Man City Premier League charges explained: How serious, possible punishments and what happens next

Man City Premier League charges explained: How serious, possible punishments and what happens next

Manchester City have been charged by the Premier League with multiple alleged breaches of their financial rules.

In an explosive announcement on Monday that followed an investigation spanning four years, the top-flight accused the reigning champions of more than 100 infringements in a story that rocked the football world.

In response, City registered their “surprise” at the charges but said they welcomed the chance for an independent commission to impartially review what it believes is “irrefutable evidence that exists in support of its position”.

City added: “We look forward to this matter being put to rest once and for all.”

Here, Standard Sport’s Malik Ouzia explains the charges in full and what could come next...

What have Man City been charged with?

Yesterday, the Premier League announced charges against Manchester City over more than 100 breaches of their rules. The charges are the result of a four-year investigation, which was launched in 2018 following allegations of City’s financial misdemeanours made by German outlet Der Spiegel.

The charges refer to the past 14 Premier League seasons, from 2009-10 right up until the current campaign, and largely relate either to financial rule-breaking or, in more recent years, failing to co-operate with the investigation.

How serious are Man City’s charges?

Extremely. A situation like this — the Premier League levering charges of such breadth and severity against one of their own clubs — is without precedent. Among the breaches are accusations that City failed to provide accurate financial information regarding their revenue, including sponsorship.

The aforementioned Der Spiegel investigation previously alleged that City had overstated their income with money paid by the club’s Abu Dhabi owners, rather than sponsors. They are also accused of failing to fully disclose managerial renumeration during Roberto Mancini’s four-year tenure and failing to comply with both Uefa’s Financial Fair Play regulations and Premier League profitability and sustainability rules.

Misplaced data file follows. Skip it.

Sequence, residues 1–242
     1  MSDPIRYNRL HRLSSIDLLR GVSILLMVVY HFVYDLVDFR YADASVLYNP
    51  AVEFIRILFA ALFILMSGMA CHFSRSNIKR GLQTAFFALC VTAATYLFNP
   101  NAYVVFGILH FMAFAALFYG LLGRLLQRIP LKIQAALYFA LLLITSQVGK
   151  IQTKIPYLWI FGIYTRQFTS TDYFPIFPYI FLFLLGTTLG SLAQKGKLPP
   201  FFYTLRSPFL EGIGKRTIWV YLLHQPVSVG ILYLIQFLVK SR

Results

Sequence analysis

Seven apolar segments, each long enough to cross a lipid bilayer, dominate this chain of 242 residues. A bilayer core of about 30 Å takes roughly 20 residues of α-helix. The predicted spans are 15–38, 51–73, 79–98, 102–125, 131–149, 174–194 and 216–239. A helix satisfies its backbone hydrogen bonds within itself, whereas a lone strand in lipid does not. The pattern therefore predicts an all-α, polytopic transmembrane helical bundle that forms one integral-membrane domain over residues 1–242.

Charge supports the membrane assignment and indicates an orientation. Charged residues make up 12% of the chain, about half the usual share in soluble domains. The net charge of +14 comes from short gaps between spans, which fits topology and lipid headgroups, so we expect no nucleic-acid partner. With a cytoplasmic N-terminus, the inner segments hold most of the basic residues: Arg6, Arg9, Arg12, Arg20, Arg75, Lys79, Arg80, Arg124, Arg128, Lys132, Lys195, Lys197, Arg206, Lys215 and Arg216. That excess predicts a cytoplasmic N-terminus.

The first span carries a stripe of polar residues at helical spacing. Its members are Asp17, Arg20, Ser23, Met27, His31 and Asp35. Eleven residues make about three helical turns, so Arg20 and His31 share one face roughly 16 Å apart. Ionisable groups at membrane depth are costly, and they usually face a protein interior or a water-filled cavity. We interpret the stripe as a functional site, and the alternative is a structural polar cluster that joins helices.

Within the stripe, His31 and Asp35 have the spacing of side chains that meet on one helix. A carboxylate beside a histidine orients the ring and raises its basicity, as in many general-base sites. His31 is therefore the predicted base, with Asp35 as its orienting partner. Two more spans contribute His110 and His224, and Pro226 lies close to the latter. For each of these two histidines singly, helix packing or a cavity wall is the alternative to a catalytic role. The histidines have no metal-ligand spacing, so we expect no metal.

What punishments could Man City face?

At this stage, almost nothing is off the table. Premier League rules hold provision for a wide range of sanctions including fines, points deductions, the stripping of titles and even expulsion from the League.

The punishment, though, will have to be deemed proportionate to City’s infringements, if proven, or be vulnerable to being reduced on appeal. In 2020, Uefa attempted to ban City from the Champions League, following their own

investigation, but the club overturned the decision on appeal at the Court of Arbitration for Sport.

Who will decide Man City outcome?

Arsenal fan Murray Rosen KC (below) chairs the Premier League’s judicial panel and will appoint a three-person independent commission to hear the case (in private), which may or may not include himself.

City are set to defend themselves to the hilt, having on Thursday referred to what the club believes is a “comprehensive body of irrefutable evidence that exists in support of its position”.

Even if the commission finds City guilty, there will almost certainly be an appeal, though CAS will not be allowed to rule since Premier League clubs do not recognise the body.

What happens next for Man City?

City have until February 23 to issue a formal response, after which an initial hearing could begin as early as next month. However, given the complexity and severity of the charges, the saga is more likely to rumble on and Premier League rivals keen on a decision before the end of the season may well be disappointed.

Pep Guardiola’s future will be another issue of uncertainty should City be found guilty, having claimed previously that he would quit if it turned out the club’s hierarchy had misled him. If wrongdoing is proven, City could face further legal action from clubs who have missed out on titles, European qualification and the like during the period of offence.